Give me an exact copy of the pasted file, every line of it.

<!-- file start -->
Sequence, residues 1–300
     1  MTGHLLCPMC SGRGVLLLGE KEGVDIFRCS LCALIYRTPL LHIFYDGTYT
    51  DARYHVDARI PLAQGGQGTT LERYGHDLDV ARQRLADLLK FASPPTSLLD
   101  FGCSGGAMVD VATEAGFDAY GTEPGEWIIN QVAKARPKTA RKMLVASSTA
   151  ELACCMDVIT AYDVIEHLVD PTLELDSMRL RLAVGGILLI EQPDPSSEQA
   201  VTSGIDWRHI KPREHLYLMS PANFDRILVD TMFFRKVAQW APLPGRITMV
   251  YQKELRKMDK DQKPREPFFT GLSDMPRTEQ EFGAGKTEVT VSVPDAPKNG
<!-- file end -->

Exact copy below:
Sequence, residues 1–300
     1  MTGHLLCPMC SGRGVLLLGE KEGVDIFRCS LCALIYRTPL LHIFYDGTYT
    51  DARYHVDARI PLAQGGQGTT LERYGHDLDV ARQRLADLLK FASPPTSLLD
   101  FGCSGGAMVD VATEAGFDAY GTEPGEWIIN QVAKARPKTA RKMLVASSTA
   151  ELACCMDVIT AYDVIEHLVD PTLELDSMRL RLAVGGILLI EQPDPSSEQA
   201  VTSGIDWRHI KPREHLYLMS PANFDRILVD TMFFRKVAQW APLPGRITMV
   251  YQKELRKMDK DQKPREPFFT GLSDMPRTEQ EFGAGKTEVT VSVPDAPKNG